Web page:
Hepatitis B is a liver infection caused by the hepatitis B virus (HBV). Hepatitis B is spread when blood, seman or other body fluids from a person infected with the virus enters the body of someone who is not infected.
- In children it can cause serious liver damage.
- Chronic Hepatitis B affects: 90% of babies and 20% in older children.
- Hepatitis B can be spread from a mother to her newborn baby. If the baby is at risk, they will be given an extra hepatitis B vaccine at birth. They will also have heel-prick test at 1 year to check for any trace of the virus.
Meningitis B this is one type of the meningococcal disease. This is caused by the bacteria Neisseria meningitidis. Meningitis can attack the brain and spinal cord and cause swelling in those areas as well as a serious infection of the bloodstream, called septicemia.
- Approximately 10 – 15% of people infected with Meningococcal disease will die, sometimes as quickly as 24 hours after symptoms appear. For those who survive, about 1 in 5 may experience a variety of long-term disabilities including hearing loss, brain damage and nervous system problems, kidney damage, loss of limbs and skin scarring.
- Rotavirus is a highly infectious stomach bug that typically strikes babies and young children, causing an unpleasant bout of diarrhoea, sometimes with vomiting, tummy acheand fever.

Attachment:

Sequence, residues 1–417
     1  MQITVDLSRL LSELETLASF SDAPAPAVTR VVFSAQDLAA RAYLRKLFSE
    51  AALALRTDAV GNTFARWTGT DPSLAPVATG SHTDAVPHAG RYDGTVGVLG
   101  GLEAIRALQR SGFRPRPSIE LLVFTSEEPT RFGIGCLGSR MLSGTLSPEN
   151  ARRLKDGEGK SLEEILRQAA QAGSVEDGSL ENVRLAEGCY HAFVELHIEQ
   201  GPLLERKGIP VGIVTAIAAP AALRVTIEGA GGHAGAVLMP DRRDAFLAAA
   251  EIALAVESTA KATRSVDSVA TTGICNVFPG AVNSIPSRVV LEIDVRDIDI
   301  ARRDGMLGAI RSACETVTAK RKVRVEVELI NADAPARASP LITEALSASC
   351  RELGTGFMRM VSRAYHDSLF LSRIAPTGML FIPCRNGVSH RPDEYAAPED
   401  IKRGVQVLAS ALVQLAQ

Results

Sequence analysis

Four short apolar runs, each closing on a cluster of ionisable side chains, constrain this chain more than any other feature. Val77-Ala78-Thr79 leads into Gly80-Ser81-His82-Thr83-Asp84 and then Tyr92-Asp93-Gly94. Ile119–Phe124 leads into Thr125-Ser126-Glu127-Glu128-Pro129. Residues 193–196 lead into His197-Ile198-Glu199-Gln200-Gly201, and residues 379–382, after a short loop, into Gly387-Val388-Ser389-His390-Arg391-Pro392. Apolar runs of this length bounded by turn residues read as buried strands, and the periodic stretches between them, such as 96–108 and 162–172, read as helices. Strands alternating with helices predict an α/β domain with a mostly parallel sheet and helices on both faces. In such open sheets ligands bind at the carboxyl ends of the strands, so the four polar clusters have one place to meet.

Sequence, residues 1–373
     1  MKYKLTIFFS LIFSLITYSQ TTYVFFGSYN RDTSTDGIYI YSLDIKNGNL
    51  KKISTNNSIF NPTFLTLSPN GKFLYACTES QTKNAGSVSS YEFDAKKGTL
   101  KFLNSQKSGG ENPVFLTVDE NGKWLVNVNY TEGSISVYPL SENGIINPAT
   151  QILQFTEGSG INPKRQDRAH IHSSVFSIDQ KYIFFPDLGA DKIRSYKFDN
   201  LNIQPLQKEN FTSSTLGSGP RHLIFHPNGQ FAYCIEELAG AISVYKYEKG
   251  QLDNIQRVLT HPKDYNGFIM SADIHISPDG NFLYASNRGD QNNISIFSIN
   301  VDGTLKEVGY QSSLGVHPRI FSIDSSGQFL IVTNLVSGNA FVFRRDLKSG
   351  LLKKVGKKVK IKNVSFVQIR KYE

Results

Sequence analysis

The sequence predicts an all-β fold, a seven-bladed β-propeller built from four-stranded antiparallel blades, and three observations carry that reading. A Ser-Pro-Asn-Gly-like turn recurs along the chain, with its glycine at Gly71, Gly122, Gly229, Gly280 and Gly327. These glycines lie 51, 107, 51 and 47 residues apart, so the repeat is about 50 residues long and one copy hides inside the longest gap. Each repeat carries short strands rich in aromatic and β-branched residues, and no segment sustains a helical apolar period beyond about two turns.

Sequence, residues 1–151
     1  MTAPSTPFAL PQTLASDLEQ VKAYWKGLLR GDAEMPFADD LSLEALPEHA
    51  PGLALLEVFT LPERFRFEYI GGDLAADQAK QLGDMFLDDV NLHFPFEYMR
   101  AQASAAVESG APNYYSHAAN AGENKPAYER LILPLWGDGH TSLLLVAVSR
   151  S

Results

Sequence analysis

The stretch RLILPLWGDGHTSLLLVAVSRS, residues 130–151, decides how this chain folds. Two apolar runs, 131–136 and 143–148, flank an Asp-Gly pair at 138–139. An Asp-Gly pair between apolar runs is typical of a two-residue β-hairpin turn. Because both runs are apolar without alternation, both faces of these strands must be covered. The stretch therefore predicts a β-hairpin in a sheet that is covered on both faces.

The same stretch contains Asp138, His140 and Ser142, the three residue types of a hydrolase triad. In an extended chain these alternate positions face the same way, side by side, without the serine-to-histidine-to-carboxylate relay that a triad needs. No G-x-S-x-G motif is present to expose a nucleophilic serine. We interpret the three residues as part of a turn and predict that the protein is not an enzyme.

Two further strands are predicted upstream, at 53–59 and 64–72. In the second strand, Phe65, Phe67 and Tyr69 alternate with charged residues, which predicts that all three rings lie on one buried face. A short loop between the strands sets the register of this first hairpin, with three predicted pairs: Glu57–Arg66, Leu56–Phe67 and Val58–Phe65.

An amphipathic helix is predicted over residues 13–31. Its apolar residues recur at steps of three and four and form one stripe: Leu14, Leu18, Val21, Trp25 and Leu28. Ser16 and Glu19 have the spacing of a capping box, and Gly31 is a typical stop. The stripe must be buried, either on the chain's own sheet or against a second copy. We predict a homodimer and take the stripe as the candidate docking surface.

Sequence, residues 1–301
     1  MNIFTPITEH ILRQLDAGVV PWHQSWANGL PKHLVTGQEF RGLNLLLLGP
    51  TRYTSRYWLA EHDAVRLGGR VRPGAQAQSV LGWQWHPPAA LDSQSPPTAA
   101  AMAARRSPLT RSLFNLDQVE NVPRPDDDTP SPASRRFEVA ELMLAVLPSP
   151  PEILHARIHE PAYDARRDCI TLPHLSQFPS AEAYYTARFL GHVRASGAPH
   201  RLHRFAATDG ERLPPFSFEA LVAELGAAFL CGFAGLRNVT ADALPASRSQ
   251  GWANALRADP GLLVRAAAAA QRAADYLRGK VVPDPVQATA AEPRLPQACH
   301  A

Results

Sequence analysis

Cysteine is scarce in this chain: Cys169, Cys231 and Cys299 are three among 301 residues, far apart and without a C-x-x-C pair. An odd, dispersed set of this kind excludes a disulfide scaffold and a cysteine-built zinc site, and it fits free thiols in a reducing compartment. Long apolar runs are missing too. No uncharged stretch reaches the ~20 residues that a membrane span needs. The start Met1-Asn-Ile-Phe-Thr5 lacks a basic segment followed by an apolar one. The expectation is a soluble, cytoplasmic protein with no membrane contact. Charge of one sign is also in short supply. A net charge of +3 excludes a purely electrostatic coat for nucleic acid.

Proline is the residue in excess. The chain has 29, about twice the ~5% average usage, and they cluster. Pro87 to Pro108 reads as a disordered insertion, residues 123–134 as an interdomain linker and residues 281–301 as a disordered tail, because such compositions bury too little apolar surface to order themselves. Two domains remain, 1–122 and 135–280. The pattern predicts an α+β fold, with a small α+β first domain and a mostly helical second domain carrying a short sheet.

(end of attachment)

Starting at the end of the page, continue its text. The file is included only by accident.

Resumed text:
- Measles is a highly infectious viral illness that can be unpleasant and can sometimes lead to serious complications.
- 1 in 20 children with measles gets pneumonia and is the most common cause of death from measles in young children.
- 1 in 1,000 children with measles will develop encephalitis (swelling of the brain) that can lead to convulsions and can leave the child deaf or with intellectual disability.
- Nearly 1-3 of every 1,000 children who become infected with measles with die from respiratory and neurological complications.
- Mumps is a contagious viral infection that used to be common in children before the introduction of the MMR vaccine. Mumps usually passes without causing serious damage to a person’s health. Serious complications are rare. But mumps can lead to viral meningitis if the virus moves into the outer layer of the brain. Other complications include swelling of the testicles or ovaries (if the affected person has gone through puberty).